Salmon lends itself to assertive sauces, being a fish with an intense flavor of its own. A rub with an Asian flare nicely contrasts with the richness of this fish - miso, ginger, ume plum vinegar, and citrus juice - a bright combinations of flavors. Need I say Omega 3's?
Ivory King Salmon is a relatively rare fish, but widely available from fish purveyors in SE Alaska. The salmon are line caught, not netted. We have found it cost effective to gather a group of families and order wild-caught fish directly from Alaska. By cost-effective, I mean the same price or less than Whole Foods or a comparable purveyor, delivered frozen and vacuum packed. If you order in some quantity, the shipping cost goes down. Once tasted, you are hooked!
Yup, not local at all. But, I’m not sure if I would want a steady diet of fish from the Chesapeake Bay! Nor do I want thawed fish sitting out in a fish counter with a fishy smell. The fish directly from Alaska is pristine, smells like fresh out of the ocean, and keeps for a long time in a freezer.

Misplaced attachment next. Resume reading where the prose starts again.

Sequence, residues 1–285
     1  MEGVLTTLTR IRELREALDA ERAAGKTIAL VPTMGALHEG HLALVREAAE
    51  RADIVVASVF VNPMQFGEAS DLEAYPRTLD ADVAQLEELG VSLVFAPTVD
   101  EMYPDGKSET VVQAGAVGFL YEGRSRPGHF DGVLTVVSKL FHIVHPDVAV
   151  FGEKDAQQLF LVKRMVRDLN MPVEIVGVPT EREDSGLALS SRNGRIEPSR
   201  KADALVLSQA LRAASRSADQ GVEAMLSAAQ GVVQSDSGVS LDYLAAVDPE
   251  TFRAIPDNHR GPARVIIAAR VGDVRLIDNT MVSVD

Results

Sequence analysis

Our favorite fish place is Coastal Cold Storage in Petersburg. They do not have a website, but can be reached at firstname.lastname@example.org. Prices are reasonable, at least in terms of fresh fish from reliable sources and the owners are very responsive to questions.
Salmon with Miso Ginger Rub
1 Wild Alaskan Ivory King salmon steak (c. 1#)
small handful of sprouts or micro greens
orange sweet pepper strips (or any other color!)
Broccoli sprouts and orange pepper strips for garnish. Mix the marinade ingredients together and rub both sides of salmon steak or flesh side of fillet. Allow to marinate for 30 minutes in the refrigerator. Place in oiled glass pan and place 6 inches from preheated broiler (450 degrees). For steaks, broil about 8-10 minutes on presentation side only. For filets, skin side down and broil 10 minutes per inch. Fish should still be moist, but not translucent. Allow to rest for 5 minutes before serving. Serves 2 very generously!
Note: My favorite miso is the South River brand or organic hand-crafted miso - delicious, even for those that are miso-shy. Yuzu juice, if you can find it, hides out in Asian stores and lasts forever in the refrigerator. Expensive, yes, but you only need a teaspoon in a recipe to lend incredible flavor unlike any other citrus. You may be able to find a source in an Asian market.
We grow our own sprouts - kind of a winter indoor garden thing - and find they last much longer than store varieties. This is THE sprouter, takes care of itself and even produces sunflower sprouts without soil! Get an extra barrel and you can do broccoli sprouts on top and sunflower sprouts on the bottom. Filled with health-promoting properties, but better yet, tasty, crisp, crunchy and a fun addition to sandwiches and a myriad of other dishes!